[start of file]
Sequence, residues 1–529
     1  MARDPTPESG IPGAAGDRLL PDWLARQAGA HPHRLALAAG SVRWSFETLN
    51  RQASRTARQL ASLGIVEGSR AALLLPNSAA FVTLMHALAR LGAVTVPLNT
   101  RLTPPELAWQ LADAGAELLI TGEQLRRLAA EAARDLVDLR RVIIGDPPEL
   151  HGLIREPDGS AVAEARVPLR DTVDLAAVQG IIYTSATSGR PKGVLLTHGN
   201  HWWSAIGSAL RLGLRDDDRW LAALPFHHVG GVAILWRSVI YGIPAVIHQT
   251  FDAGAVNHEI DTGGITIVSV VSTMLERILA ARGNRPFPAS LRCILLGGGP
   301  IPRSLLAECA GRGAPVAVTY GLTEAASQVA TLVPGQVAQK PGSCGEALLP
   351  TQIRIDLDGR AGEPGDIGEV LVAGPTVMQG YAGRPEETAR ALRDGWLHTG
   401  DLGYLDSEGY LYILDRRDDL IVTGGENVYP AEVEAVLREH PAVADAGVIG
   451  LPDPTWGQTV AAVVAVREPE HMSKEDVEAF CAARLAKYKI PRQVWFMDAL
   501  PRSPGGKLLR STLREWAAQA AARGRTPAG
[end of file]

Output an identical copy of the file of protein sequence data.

Sequence, residues 1–529
     1  MARDPTPESG IPGAAGDRLL PDWLARQAGA HPHRLALAAG SVRWSFETLN
    51  RQASRTARQL ASLGIVEGSR AALLLPNSAA FVTLMHALAR LGAVTVPLNT
   101  RLTPPELAWQ LADAGAELLI TGEQLRRLAA EAARDLVDLR RVIIGDPPEL
   151  HGLIREPDGS AVAEARVPLR DTVDLAAVQG IIYTSATSGR PKGVLLTHGN
   201  HWWSAIGSAL RLGLRDDDRW LAALPFHHVG GVAILWRSVI YGIPAVIHQT
   251  FDAGAVNHEI DTGGITIVSV VSTMLERILA ARGNRPFPAS LRCILLGGGP
   301  IPRSLLAECA GRGAPVAVTY GLTEAASQVA TLVPGQVAQK PGSCGEALLP
   351  TQIRIDLDGR AGEPGDIGEV LVAGPTVMQG YAGRPEETAR ALRDGWLHTG
   401  DLGYLDSEGY LYILDRRDDL IVTGGENVYP AEVEAVLREH PAVADAGVIG
   451  LPDPTWGQTV AAVVAVREPE HMSKEDVEAF CAARLAKYKI PRQVWFMDAL
   501  PRSPGGKLLR STLREWAAQA AARGRTPAG